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Euro to Dollar Surge Prompts Wave of Forecast Upgrades, Warnings of Higher Levels to Come

A combination of economic recovery in the Eurozone and external factors are expected to propel the EUR/USD exchange rate even higher still over the coming quarters.

January’s surge in the Euro-to-Dollar rate will continue through much of 2018, according to strategists, who are already upgrading their forecasts for the exchange rate at year end.

The common currency has risen by nearly 4% against the US Dollar during the last month, to trade above 1.2500 twice in the last week, which takes its 12 month gain to around 16%. The trade weighted Euro is up by nearly 10% on a one year horizon.

Broadly speaking, a combination of economic recovery in the Eurozone and external factors are expected to propel the exchange rate higher still over the coming quarters.

“In our 2018 Outlook, published in early November, we extended our long-held view that the EUR was cheap, the USD expensive, and that convergence in economic cycles was likely to catalyze EUR/$ appreciation towards 1.25 this year,” says Yianos Kontopoulos, a strategist at UBS, in a recent note.

The strength of the Euro-to-Dollar exchange rate has left many a commentator scratching their heads in recent weeks, particularly as the Federal Reserve remains firmly committed to raising US interest rates three or more times in 2018 and Eurozone rates are going nowhere anytime soon.

Now, with President Donald Trump’s tax reforms going into effect, US growth, inflation and interest rates could rise further still in 2018. But yet, the Euro-to-Dollar exchange rate has continued to score fresh multi-year highs right through January.

“The Federal Reserve is the central bank that is the furthest in the normalisation process, it makes sense to judge that most other central banks have a larger scope for catching up,” proffers Martin Enlund, an analyst at Nordea Markets.

“This notion could be what the FX markets reflect via a weaker USD against all major currencies, including the EUR.”

Above: EUR/USD shown at four hour intervals. Captures January 2018 price action.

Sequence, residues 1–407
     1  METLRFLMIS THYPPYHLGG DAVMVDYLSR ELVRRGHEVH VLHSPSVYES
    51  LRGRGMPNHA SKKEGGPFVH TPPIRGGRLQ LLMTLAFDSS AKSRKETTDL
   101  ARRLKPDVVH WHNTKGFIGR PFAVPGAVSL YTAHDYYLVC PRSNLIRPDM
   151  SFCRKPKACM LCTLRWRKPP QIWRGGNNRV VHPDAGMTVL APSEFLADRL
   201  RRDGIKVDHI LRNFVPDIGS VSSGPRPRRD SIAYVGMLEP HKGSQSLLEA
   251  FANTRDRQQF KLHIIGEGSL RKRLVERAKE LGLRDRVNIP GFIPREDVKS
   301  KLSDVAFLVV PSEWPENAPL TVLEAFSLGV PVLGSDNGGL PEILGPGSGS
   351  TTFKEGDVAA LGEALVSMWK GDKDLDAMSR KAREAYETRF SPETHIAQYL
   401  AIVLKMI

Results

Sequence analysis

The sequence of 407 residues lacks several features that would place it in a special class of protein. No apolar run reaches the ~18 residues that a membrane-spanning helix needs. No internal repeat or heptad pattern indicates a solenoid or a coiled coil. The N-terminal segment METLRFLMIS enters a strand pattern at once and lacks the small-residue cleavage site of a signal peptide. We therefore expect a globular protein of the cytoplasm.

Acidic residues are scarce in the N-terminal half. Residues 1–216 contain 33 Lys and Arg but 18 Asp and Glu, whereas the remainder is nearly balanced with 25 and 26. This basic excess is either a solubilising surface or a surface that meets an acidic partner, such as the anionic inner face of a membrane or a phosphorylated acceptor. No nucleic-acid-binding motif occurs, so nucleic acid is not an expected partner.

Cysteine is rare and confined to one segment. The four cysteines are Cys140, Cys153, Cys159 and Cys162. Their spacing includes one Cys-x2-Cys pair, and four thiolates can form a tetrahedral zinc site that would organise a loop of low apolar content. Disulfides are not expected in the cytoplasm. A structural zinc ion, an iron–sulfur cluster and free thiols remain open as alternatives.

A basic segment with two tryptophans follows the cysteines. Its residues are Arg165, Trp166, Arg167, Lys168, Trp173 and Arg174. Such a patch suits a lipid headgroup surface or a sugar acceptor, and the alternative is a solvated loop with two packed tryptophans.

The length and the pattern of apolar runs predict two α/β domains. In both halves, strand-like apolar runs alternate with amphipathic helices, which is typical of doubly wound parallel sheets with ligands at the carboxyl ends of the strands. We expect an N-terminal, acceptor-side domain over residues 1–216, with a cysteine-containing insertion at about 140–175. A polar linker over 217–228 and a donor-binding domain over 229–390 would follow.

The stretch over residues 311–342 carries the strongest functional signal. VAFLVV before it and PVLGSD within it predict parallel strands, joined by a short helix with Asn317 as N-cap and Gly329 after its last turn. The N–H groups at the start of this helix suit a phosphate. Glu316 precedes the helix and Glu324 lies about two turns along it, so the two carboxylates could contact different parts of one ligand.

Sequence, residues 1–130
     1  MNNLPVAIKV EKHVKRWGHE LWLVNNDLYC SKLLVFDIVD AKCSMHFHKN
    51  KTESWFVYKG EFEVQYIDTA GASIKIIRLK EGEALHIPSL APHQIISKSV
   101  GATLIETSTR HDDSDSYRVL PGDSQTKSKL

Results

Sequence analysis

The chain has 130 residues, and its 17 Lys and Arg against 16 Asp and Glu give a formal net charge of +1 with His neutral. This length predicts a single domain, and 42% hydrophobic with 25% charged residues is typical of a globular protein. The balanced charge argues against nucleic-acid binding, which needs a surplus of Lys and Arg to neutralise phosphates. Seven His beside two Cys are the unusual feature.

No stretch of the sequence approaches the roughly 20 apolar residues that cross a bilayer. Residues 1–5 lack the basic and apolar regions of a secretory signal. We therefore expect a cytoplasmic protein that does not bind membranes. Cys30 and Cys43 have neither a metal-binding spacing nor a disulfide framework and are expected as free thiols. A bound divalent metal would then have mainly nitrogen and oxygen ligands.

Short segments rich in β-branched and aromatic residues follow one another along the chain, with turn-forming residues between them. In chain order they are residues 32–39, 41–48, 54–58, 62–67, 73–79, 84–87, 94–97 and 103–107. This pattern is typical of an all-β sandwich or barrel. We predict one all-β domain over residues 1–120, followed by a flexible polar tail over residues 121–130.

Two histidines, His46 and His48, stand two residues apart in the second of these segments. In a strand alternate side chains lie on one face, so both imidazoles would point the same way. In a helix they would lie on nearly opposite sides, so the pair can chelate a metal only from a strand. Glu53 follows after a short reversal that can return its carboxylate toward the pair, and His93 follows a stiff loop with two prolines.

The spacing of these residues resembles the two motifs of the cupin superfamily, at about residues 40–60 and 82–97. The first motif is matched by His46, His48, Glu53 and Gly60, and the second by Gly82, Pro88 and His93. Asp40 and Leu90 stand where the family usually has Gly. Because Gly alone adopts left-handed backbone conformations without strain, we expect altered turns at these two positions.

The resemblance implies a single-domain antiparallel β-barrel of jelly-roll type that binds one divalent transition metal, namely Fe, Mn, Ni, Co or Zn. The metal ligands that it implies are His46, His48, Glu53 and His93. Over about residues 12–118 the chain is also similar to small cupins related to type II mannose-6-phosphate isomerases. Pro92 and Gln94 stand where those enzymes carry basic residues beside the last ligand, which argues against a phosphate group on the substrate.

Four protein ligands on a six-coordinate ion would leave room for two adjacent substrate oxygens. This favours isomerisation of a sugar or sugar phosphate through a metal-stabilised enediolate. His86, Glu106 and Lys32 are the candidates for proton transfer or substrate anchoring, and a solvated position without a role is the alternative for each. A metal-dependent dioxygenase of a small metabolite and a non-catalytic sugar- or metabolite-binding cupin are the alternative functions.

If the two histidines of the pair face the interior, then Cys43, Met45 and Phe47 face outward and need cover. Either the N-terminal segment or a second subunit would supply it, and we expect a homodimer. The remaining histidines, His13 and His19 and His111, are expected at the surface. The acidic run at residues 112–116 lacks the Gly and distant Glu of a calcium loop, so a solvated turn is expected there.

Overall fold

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Nordea's Enlund argues that it makes sense for markets to reallocate away from the US Dollar as it because the world economy has now fully recovered from the effects of the financial crisis and is entering a period of synchronised global growth.

Faster global growth means global inflation and interest rates could soon be rising in tow and, given that the Federal Reserve is already two years into a hiking cycle, there is now less upside to be had from betting on the US Dollar.

Relatively speaking, returns for traders and investors will be better if they stack their chips behind other currencies - which is what they have been doing.

“That said, the speed at which these market shifts have occurred has been even faster than we expected, as the breadth, depth and persistence of the global growth acceleration has weighed on the dollar and lifted yields,” says UBS’ Kontopoulos.

The theory on global growth and relative attractiveness would explain the widening gap between yields on two year US government bonds and two year German government bonds.

The so called “two year rates spread” is now in excess of 2.6%, meaning investors get around 2.6% more yield for holding short term US government debt than they do from holding German debt.

This its highest level since before the financial crisis, and recent history would dictate that it command a higher Dollar, but the greenback is still falling against the Euro and other currencies.

“The current market environment is starting to look reminiscent of the period between 2004 and 2007. Back then, the USD weakened when risk appetite was solid and was bought when risk appetite deteriorated; this is now widely back in the markets,” Nordea’s Enlund says.

Above: EUR/USD shown at weekly intervals. Captures pre-quantitative easing peak and QE trough.

Incidentally, economists at UBS have just revised their forecast for global economic growth in 2018 up by 20 basis points, to 4.1%, to reflect a surprisingly strong finish to 2017 and a good start to 2018. Strategists at the bank also forecast a continuation of recent trends in currency markets.

“There is more to go... The dollar is still expensive. Easy financial conditions, a weak dollar and higher oil prices are, for the first time in a while, creating conditions for a benign normalization to inflation, from a low starting point,” Kontopoulos writes.

However, the UBS strategy team also note that the recent pace of gains for the Euro, and weakness for the Dollar, will be difficult to replicate again, in part due to the sheer divergence between monetary policies in the US and elsewhere.

This chimes with upgraded views from Nordea’s Enlund, who forecasts a slower pace of gains for the Euro during the next three to six months, based on the expectation that the European Central Bank will soon start to push back against the Euro’s strength.

So far, the ECB has done little to curb the currency’s appreciation, instead attributing it largely to external factors.

“We see EUR/USD around 1.21-1.22 in three to six months’ time followed by a continued path towards 1.33 towards the end of 2019,” Enlund wrote in a note Thursday.

For the end of 2018, Nordea Markets strategists now forecast the EUR/USD exchange rate will rise to 1.2700 by year end, which is an upward revision from their forecast of 1.20 just a few weeks ago. The team at UBS are even more bullish.

“All told, our previous forecast targets require an update to the developments in UBS economic views and to the prevailing market levels. We are raising our EUR/$ forecast to 1.30 for end-2018 and 1.35 for end-2019 (from 1.25 and 1.30),” Kontopoulos says.

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